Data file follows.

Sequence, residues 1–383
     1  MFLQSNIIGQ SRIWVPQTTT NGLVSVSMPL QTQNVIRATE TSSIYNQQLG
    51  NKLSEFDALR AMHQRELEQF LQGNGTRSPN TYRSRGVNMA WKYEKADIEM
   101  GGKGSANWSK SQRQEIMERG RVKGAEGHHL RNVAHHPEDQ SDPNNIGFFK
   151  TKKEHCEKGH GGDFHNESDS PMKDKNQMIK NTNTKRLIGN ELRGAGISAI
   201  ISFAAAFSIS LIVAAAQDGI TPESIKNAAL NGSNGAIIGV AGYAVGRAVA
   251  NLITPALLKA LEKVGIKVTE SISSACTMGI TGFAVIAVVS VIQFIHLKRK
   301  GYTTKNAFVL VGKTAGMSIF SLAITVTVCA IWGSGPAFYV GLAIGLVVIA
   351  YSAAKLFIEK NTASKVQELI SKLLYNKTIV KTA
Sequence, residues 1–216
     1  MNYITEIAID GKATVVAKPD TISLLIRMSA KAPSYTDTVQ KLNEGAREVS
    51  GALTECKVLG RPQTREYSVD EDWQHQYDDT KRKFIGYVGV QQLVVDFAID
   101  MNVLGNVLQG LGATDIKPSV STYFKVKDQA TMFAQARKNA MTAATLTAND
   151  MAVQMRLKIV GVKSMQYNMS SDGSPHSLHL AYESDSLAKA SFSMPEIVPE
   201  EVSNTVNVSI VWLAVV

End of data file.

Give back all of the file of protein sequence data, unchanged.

Sequence, residues 1–383
     1  MFLQSNIIGQ SRIWVPQTTT NGLVSVSMPL QTQNVIRATE TSSIYNQQLG
    51  NKLSEFDALR AMHQRELEQF LQGNGTRSPN TYRSRGVNMA WKYEKADIEM
   101  GGKGSANWSK SQRQEIMERG RVKGAEGHHL RNVAHHPEDQ SDPNNIGFFK
   151  TKKEHCEKGH GGDFHNESDS PMKDKNQMIK NTNTKRLIGN ELRGAGISAI
   201  ISFAAAFSIS LIVAAAQDGI TPESIKNAAL NGSNGAIIGV AGYAVGRAVA
   251  NLITPALLKA LEKVGIKVTE SISSACTMGI TGFAVIAVVS VIQFIHLKRK
   301  GYTTKNAFVL VGKTAGMSIF SLAITVTVCA IWGSGPAFYV GLAIGLVVIA
   351  YSAAKLFIEK NTASKVQELI SKLLYNKTIV KTA
Sequence, residues 1–216
     1  MNYITEIAID GKATVVAKPD TISLLIRMSA KAPSYTDTVQ KLNEGAREVS
    51  GALTECKVLG RPQTREYSVD EDWQHQYDDT KRKFIGYVGV QQLVVDFAID
   101  MNVLGNVLQG LGATDIKPSV STYFKVKDQA TMFAQARKNA MTAATLTAND
   151  MAVQMRLKIV GVKSMQYNMS SDGSPHSLHL AYESDSLAKA SFSMPEIVPE
   201  EVSNTVNVSI VWLAVV